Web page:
Maine State Park Campsites Filling Fast
Even with an impressive winter that seems reluctant to relinquish its hold, some people are making plans for the coming camping season in Maine.
Camping reservations at Maine state parks have hit an all-time high for this time of year, according to the Maine Bureau of Parks and Lands.
After two months of taking reservations, the total is up by almost 300 to 4,511, compared to the 4,213 filed by this time last year, according to Mainetoday.com. Some tourism experts speculate that more people in the region will travel shorter distances this summer to save fuel and money, at this time of high gasoline prices and a slow economy.
“I think possibly with the increase in the cost of gas, people are looking to take their vacations closer to home,” said Will Harris, bureau director, “as well we think they should — this is Vacationland, after all.”
The reservations total is for Maine’s 12 state parks with campsites — which stretch from Aroostook State Park in The County to Cobscook Bay Down East and Bradbury Mountain in Pownal. They reflect an increase in the number of nights reserved, so far clocking in at 21,084 nights, up almost 700 from last year at this time.
Patrick McGowan, commissioner of the Maine Department of Conservation, noted that many state park users are residents who check a 10-day forecast and then make camping reservations.
“Those numbers are good indicators,” McGowan said. “What really drives us is the weather.”
Richard Abare, executive director of the Maine Campground Owners Association (MECOA), said reservations from Canadians are up, particularly along the seacoast. Abare suggested that reflects the strength of the Canadian dollar vs. the U.S. dollar.
One trend he’s seeing is that people are staying for longer trips, such as three- or four-day weekends. These visitors are taking just one trip, instead of two. That likely comes from people trying to save on driving time and gas, he said.
A number of campsite owners are suggesting that visitors who haul campers stay for a weekend, then leave the campers in an overflow lot. They can return for another weekend of camping, and save on the gas needed to haul their campers back and forth.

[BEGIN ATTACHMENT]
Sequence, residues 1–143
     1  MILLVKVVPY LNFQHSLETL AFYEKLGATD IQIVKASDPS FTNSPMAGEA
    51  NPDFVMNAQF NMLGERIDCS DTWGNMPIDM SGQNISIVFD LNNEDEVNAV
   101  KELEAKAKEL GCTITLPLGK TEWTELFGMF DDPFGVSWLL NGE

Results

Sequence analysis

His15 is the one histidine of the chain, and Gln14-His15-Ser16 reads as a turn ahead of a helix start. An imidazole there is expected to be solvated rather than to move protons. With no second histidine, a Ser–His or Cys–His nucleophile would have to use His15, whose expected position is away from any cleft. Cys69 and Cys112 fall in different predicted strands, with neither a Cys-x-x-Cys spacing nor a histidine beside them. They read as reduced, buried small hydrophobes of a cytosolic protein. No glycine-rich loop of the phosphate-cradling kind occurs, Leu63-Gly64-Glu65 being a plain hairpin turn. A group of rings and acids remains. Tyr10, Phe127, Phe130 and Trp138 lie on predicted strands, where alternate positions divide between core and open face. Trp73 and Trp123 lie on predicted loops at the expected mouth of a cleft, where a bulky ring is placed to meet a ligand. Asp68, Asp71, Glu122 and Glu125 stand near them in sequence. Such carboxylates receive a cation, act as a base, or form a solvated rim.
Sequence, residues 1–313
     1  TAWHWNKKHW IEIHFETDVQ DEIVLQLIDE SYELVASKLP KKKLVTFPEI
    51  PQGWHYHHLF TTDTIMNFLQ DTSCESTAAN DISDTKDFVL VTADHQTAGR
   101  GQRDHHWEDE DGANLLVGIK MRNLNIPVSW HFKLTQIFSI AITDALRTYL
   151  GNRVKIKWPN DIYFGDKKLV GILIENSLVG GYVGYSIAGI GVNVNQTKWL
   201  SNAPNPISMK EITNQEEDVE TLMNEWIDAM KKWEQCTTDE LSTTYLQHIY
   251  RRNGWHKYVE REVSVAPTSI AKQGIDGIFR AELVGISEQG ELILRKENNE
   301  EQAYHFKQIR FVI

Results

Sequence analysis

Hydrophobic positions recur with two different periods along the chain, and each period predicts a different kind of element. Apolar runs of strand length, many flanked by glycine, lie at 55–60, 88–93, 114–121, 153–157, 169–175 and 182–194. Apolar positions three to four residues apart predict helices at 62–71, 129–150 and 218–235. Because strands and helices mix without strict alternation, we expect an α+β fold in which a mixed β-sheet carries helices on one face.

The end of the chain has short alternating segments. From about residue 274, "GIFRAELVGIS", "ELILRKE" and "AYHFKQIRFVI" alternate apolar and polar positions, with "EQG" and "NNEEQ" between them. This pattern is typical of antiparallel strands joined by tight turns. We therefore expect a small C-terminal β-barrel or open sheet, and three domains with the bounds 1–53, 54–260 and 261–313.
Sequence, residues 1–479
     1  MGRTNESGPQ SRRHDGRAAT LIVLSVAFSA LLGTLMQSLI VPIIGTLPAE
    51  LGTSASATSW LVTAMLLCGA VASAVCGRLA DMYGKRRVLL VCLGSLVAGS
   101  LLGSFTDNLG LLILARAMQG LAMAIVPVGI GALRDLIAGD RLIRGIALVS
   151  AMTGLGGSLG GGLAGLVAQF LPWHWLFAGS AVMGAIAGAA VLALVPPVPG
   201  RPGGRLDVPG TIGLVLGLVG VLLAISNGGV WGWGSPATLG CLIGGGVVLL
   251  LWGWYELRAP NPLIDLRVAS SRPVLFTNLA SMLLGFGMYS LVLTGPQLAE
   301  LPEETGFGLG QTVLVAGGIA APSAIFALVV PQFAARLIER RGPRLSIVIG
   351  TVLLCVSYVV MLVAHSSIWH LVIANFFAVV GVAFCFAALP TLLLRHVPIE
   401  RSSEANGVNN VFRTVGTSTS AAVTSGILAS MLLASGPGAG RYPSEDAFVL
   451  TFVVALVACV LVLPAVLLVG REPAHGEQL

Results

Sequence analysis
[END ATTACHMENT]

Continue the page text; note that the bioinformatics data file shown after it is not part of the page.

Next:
Several of Maine’s state parks will see some infrastructure improvements, thanks to a $7.5 million bond passed by voters last fall. The improvements and a new program, the Take it Outside initiative, are aimed to attract Mainers to the state parks, McGowan said.
“We’re really trying to encourage people to get back into their parks,” he said. “They own them, they belong to them, they support them with their taxes.”
Harris said that L.L. Bean and the Coleman Co. have donated camping setups that they hope to use to introduce families to camping. The eight setups include everything a family of four would need for camping — tents, sleeping bags, ground pads, camp stoves and cook sets. And the bureau has an agreement with the Maine Conservation School, which will provide some of its staff members as sort of camp counselors to help the families learn some camping skills, Harris said.
While the exact application process has yet to be worked out, the goal is to have up to eight families using the gear each weekend at state parks. Providing the gear takes away most of the upfront investment cost of camping.
“We’re trying to make it more bomb-proof,” Harris said.
Harris said getting into the outdoors could be a real stress reliever for families.
“It’s so easy to get pretty down when the economy’s down,” Harris said. “Virtually within 20 to 50 miles of anywhere (in Maine), there are outstanding parks and recreational opportunities that people in the state can enjoy.”